Growth Strategies: Marketing or Acquisitions?
Under some circumstances it makes far more sense to build a company through the acquisition of competitors than it does by attempting to grow organically with more marketing. Take, for example, most businesses which have a subscriber revenue model. Think of ISPs, cable system operators, cell-phone service providers. If an ISP, for example, wishes to start growing at a more aggressive rate it has two basic choices. It can ramp up its marketing efforts and budgets or it can explore a growth through acquisitions strategy.
The initial step in determining the best strategy is to compare the two options. This process begins by getting a handle on current customer acquisition costs. How much does it cost on average to win a new customer? This cost is calculated by tallying up all marketing, selling, advertising, and incentive costs related to customer acquisition for a period such as the previous calendar or fiscal year. In some cases there could be hardware costs as well if customers require a box or handset to utilize the service. It’s important to do this calculation correctly for the company in question as each business entity will vary. This total expenditure is then divided by the number of new customers attracted during the same period. Let’s say, for the sake of example, that the acquisition cost per customer came out to $400 last year.
Now suppose that the ISP is a small one with just 1000 subscribers after two full years of operations. At this point the owner and CEO wants to double the number of customers within the next twelve months. This means that company will have to spend $400 X 1000 customers or $400,000 over the year to double its subscriber base. It’s important to keep in mind here that this doubling of the subscriber base may not be achieved for any number of reasons. The market in which the ISP operates may be close to saturation with little room left to grow. The ISP’s new marketing campaign may turn out to be ineffective. Or a new and better competitor may enter the market thereby torpedoing our ISP’s expansion plans.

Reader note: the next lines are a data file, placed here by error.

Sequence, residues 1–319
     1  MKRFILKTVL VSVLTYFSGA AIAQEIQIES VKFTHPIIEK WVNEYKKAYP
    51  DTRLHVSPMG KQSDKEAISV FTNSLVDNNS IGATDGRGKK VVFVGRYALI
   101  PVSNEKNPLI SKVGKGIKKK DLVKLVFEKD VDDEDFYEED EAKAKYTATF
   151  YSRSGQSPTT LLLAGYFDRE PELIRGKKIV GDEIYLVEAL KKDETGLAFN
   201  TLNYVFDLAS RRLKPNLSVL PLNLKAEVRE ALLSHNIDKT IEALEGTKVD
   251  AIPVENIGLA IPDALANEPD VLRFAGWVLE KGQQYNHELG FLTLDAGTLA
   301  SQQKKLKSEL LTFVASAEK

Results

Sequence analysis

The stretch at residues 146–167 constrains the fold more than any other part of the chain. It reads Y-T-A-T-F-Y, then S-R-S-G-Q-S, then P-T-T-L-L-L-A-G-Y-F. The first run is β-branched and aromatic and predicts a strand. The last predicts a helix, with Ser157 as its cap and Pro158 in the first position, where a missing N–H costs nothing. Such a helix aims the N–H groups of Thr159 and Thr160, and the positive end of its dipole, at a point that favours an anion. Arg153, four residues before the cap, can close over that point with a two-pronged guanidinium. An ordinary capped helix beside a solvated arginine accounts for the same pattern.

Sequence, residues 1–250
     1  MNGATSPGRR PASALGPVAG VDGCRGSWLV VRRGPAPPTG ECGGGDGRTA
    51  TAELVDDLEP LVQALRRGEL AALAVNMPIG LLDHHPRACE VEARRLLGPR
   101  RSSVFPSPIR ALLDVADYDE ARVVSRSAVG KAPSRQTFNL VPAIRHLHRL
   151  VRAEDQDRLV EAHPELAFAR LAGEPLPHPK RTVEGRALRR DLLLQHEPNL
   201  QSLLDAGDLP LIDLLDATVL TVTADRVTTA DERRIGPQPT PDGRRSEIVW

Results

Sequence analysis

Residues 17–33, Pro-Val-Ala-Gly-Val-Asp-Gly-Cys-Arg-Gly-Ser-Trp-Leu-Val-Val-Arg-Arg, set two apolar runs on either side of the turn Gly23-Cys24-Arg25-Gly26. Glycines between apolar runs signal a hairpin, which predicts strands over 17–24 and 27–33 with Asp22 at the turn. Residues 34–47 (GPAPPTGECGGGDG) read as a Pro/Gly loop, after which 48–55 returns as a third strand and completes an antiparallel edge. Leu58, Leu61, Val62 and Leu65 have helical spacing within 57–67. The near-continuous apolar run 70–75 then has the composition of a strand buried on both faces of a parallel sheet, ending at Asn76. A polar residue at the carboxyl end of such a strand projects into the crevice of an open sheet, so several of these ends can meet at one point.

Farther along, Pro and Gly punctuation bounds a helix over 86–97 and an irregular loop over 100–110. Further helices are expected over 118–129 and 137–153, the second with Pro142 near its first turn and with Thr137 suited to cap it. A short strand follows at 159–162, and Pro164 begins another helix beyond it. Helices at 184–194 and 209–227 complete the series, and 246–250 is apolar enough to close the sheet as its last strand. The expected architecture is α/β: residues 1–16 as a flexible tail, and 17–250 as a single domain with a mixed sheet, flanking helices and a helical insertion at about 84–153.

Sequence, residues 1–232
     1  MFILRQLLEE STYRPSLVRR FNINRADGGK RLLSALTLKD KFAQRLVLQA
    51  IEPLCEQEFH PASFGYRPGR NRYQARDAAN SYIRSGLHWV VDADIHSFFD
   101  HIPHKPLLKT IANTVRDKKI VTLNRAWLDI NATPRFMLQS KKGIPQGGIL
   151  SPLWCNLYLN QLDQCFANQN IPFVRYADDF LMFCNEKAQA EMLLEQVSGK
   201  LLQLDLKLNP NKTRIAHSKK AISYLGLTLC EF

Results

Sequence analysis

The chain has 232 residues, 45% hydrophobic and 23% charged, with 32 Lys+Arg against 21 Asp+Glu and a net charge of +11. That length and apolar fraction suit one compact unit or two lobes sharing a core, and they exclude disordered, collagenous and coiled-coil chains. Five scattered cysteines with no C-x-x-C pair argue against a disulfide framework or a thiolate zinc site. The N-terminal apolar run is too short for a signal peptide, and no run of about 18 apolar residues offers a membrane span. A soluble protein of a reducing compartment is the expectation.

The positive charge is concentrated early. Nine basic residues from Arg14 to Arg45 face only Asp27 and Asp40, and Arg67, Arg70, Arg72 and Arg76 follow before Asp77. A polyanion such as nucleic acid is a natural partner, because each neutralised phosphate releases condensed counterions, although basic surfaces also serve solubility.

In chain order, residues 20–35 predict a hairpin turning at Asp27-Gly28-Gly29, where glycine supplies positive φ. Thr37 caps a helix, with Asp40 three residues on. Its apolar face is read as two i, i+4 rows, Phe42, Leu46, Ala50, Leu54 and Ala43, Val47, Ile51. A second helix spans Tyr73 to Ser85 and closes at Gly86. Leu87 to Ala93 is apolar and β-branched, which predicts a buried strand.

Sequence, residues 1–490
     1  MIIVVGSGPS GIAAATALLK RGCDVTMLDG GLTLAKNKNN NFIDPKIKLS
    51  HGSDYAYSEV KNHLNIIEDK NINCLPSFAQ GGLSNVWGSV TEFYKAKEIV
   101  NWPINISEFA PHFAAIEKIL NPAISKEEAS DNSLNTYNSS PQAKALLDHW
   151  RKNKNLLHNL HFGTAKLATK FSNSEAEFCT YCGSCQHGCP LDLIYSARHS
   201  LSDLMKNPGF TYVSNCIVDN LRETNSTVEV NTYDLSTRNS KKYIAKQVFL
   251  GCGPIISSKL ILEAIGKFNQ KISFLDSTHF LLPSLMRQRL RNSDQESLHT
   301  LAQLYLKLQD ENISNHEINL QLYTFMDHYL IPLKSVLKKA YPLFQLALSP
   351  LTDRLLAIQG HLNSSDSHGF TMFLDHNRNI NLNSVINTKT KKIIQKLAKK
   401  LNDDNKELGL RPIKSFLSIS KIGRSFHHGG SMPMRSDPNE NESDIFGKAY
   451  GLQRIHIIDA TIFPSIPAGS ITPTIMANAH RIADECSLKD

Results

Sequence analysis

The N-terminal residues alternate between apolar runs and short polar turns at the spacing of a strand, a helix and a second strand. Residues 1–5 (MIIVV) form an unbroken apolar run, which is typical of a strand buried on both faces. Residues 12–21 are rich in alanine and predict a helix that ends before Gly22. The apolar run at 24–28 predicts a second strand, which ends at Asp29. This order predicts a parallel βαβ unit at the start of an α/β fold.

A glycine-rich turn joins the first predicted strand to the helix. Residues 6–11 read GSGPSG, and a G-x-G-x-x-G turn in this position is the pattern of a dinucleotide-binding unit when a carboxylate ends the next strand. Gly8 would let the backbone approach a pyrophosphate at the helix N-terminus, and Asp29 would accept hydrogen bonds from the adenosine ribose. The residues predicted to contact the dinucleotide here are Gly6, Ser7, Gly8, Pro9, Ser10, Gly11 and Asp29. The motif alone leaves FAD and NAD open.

For these reasons an alternative growth strategy based on acquisitions should be explored as well. The initial steps here are to look at the what small ISPs are selling for in the region and then compare the per subscriber acquisition costs of the two strategies. It’s not uncommon for it to be possible to acquire customers faster and cheaper wholesale by buying up their service providers rather than through organic growth. In many cases a single deal can double your customer base for less than the projected costs of growing the usual way.
One important point should be added here. All companies are for sale at the right price. So even if none happen to be listed for sale a few owner-to-owner telephone calls can quickly unearth acquisition opportunities.
In the Playbook there is a case study about one tiny and unprofitable rural cable-TV company which embarked on an aggressive growth campaign starting with the acquisition of the tiniest of systems in nearby communities. Some of these systems had as few as 100 customers. No deal was too small in the early days. The company gobbled everything up in order to achieve the critical mass at which it would be taken seriously by investors and lenders. Once this point was reached its growth went into hyper-drive because the company not only had the capital but the team and systems in place to do three or four deals monthly.
Don’t overlook this growth strategy.
For more on calculating customer acquisition costs read this piece.